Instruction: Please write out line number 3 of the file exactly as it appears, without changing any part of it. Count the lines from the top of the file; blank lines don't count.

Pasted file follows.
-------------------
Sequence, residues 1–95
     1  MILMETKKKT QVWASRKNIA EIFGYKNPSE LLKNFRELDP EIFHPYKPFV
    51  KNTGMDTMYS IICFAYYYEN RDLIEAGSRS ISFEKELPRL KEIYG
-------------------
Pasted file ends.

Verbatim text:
    51  KNTGMDTMYS IICFAYYYEN RDLIEAGSRS ISFEKELPRL KEIYG